Many credible sources can be found in the Library's catalog and databases, but how can you determine if the source is useful to your research? How can you determine if a web resource is credible? Before using information found on a website or through the Library for your research project, consider the following criteria to evaluate its credibility and or applicability:
Accuracy, Authority, Objectivity, and Currency
If these criteria are present then you may have a high quality source that could be of value to your research. If they are not present, be wary of utilizing this source for your research.
Accuracy refers to a source's reliability. Information such as statistics and quotes provided in a source need to be verifiable so that the reader can confirm both that the information is accurate and that the author's conclusion is reasonable. Below are some questions to ask when determining the level of a source's accuracy.
Currency refers to the timeliness of the information presented by an author. Below are some questions to ask when determining the level of a source's currency.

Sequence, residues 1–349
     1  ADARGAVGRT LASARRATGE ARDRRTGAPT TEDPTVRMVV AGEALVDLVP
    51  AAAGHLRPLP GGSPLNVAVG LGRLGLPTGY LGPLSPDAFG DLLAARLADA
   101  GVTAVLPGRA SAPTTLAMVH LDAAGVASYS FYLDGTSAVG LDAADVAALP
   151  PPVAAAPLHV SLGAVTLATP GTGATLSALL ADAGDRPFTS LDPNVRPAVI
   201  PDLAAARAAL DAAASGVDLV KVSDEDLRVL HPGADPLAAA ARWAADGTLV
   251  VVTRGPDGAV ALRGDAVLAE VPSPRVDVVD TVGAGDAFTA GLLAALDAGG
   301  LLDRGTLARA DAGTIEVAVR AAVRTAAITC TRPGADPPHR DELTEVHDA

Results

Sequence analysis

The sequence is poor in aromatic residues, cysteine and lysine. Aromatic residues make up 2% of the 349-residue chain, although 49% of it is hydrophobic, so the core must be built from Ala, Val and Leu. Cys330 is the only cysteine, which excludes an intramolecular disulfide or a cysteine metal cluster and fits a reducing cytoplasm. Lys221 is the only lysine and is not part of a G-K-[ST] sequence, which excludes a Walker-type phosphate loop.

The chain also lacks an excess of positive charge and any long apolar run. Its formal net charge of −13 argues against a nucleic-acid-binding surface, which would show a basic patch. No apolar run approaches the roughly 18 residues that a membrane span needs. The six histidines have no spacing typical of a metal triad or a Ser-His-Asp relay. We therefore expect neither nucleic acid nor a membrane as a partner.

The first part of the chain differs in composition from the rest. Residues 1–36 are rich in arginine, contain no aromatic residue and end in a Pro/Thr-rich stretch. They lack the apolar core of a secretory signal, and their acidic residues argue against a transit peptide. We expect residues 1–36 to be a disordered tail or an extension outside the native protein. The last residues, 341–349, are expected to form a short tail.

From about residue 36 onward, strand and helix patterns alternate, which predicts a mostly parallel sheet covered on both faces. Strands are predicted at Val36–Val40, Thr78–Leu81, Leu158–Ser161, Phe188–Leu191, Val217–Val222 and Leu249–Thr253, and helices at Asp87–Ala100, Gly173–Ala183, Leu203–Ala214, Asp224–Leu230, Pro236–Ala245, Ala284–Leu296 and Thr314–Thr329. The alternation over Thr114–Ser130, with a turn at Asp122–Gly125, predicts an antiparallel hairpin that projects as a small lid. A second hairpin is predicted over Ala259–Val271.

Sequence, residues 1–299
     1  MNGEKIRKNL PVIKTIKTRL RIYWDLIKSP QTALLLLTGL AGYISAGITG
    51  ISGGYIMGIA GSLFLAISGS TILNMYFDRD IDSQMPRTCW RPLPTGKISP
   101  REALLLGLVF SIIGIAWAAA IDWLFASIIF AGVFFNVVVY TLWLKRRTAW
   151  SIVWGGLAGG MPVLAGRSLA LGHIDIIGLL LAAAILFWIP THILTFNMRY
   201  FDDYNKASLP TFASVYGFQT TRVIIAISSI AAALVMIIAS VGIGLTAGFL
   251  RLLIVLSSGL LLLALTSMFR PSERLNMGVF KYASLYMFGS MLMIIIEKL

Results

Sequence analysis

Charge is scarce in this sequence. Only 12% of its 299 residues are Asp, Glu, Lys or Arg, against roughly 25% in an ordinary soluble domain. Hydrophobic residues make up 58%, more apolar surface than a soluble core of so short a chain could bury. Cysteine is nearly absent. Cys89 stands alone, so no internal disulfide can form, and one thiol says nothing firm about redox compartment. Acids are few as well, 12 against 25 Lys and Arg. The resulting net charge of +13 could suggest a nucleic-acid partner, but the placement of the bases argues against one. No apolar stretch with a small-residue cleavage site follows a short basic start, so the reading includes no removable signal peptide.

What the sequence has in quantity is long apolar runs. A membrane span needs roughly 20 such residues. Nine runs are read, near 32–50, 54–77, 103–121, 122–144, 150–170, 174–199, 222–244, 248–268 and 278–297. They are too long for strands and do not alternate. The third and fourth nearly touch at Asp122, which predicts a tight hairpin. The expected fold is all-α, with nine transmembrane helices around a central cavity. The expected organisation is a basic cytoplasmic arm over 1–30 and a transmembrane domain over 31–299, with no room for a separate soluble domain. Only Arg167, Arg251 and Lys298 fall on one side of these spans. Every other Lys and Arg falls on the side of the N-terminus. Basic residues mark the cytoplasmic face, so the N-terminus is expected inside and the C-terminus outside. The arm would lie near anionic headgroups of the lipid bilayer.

Coverage refers to the level of substance and perspective found in a source's content. Make sure the source discusses your topic with the depth appropriate for your research. Find sources which discuss multiple perspectives or find multiple sources with contrasting points of view to ensure ample coverage on your topic.
It is challenging to determine whether information from the Web is credible and can be trusted. Is it factual? Biased? Relevant to your topic?
Here is a handy acronym to help you determine if a source may be CRAP.
Authority refers to the credibility of the author or institution of the source. If you want to use a source for your research, make sure the authority of that source is reliable and trustworthy. Below are some questions to ask when determining the level of a source's authority.
This article from online magazine Wonkette also provides an informative bio regarding the author:
Another way to help you evaluate your website is to determine the type of website you have found. Look at the URL. What does it say?
.com = commercial site
.edu = educational site
.gov = U.S. government site
.org = non-profit organization site (usually, but not always)
.mil = U.S. military sites and agencies
.net = networks/Internet Service Providers